People are more likely to take action if they are dissatisfied with expensive product than for inexpensive products. Ironically, consumers who are satisfied with the performance in general are more likely to complain if they experience something bad; they take time to complain because they feel connected to the company (Kim and Lee, 2011; Singh, 2006). Older people are more likely to complain, and they are much more likely to believe the company will actually resolve the problem. And if the company resolves the problem, a customer feels even better about it than if he had not complained in the first place. Foodservice operators should actually encourage customers to complain to them, otherwise people are more likely to spread about unresolved negative experiences to their friends than they are to boast about positive occurrences.
Figure 2.1: Model of Expectancy Disconfirmation (Oliver, Balakrishnan and Barry, 1994)
Baker and Compton (2000) and Elizabeth (2005) derived the same concept which is the expectancy disconfirmation model, proposed by Oliver widely accepted and applied theoretically in customer satisfaction research. They discussed about this model, where customer form beliefs about foodservice performance based on prior experience with the food or service that imply a certain level of quality. They also identified when something performs the way customer thought it would, one may not think about it. If it fails to live up to expectations, this may create negative feelings. However, if performance happens to exceed customer’s expectations, they are happy campers (Elizabeth, 2005; Su, 2004). This perspective underscores how important it is to manage expectations as foodservice operator often traces a customer’s dissatisfaction to his erroneous expectations of the company’s ability to deliver a food or service. No company is perfect. It is just unrealistic to think that everything will always turn out perfectly.
2.3 Quality of Food
Customers need reasons to return to a restaurant. Food quality can be defined in many ways. Ryu and Han claimed that most influential factor of customer loyalty is the food quality. Quality of food in term of the taste, variety and nutrition has already been rated as the most important reasons why customers return to a restaurant (Kivela, 2000, as cited in Ha and Jang, 2010). While Wandel and Bugge (1996) recognized the same aspects in food quality that caught customer’s interest are tastiness, fresh ingredients, physical appearance, healthfulness, and safety of food. Although a customer evaluates multiple attributes when determining food quality, one really judging three general food characteristics as suggested by Sulek and Hensley (2004, as cited from Ha and Jang, 2010) namely safety, appeal and dietary acceptability. Food appeal involves such issues as taste, presentation, textures, colors, temperature, size of the portions and entrée complexity. Dietary issues are playing an increasingly important role in food quality whether that means meals that are low in fat, low in carbohydrates or vegetarian or vegan (Siguaw and Enz, 1999). Nevertheless, some studies associate food quality with food safety and hygiene. These attributes are hard to define as they are categorized as credence factor and cannot be verified by customer (Rijswijk and Frewer, 2008). This also supported by Wandel and Bugge (1996) with regard to the food ingredients, as well as additive and chemicals. While food safety defects are not always immediate apparent, customers do tend to notice undercooked food, food with an off taste, or foreign material in their food (Chung and Hoffman, 1998).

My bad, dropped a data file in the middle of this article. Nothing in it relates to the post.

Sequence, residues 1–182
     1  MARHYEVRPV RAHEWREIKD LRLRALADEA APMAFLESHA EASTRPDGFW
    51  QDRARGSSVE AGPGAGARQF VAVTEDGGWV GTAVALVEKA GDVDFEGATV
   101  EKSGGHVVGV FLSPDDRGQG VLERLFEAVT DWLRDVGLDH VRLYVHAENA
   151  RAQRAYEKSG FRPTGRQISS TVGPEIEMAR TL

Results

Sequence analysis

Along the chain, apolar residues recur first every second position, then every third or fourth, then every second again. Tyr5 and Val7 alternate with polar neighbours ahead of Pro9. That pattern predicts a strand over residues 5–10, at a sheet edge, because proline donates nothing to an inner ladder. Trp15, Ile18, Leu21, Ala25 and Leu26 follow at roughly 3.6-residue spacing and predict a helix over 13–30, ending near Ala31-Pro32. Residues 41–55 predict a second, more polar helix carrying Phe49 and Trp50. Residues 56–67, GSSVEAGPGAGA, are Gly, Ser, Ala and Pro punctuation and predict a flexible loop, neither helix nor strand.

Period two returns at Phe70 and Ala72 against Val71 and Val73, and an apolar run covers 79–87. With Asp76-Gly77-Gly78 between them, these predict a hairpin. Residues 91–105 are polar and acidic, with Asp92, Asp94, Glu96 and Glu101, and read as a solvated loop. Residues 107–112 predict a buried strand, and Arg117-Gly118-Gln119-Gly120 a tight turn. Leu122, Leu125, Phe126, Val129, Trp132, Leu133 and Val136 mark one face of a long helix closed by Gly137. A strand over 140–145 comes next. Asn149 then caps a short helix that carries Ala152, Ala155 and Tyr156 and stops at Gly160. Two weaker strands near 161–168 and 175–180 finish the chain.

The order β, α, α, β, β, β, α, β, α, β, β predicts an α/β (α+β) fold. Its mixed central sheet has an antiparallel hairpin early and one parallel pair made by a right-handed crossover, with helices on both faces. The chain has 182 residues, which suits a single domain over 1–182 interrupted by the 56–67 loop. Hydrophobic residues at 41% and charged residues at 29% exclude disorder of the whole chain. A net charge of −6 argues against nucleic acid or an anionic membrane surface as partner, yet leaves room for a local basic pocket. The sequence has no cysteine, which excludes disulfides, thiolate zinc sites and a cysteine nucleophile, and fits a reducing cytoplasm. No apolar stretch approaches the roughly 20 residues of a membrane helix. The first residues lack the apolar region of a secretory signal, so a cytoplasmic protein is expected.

Meanwhile, in foodservice industry, health and safety aspects as well cannot be underestimated in a production process, especially in producing of high quality and safe food. There are some achievements to be met and achieved in order to reach the level of total quality management. In the foodservice industry, performance and compliance to the basic requirements such as good hygiene practices and processes must be comply to achieve high quality product standards (Talib and Ali, 2008). As customers become aware on the quality of food, they are more interested on it and do not just focus on the appearance, taste and aroma of food. Hence, the value of food also takes into account on how customer perceives the quality rather attributes of the food (Meiselman, 2001). The quality itself must be assessed by including intrinsic and extrinsic factors as price, ambience, expectation etc (Pierson, Reeve and Creed, 1995). Thus, foodservice industry should put on efforts in order to fulfill the customer needs as food quality is a key determinant of restaurant choice.
2.4 Quality of service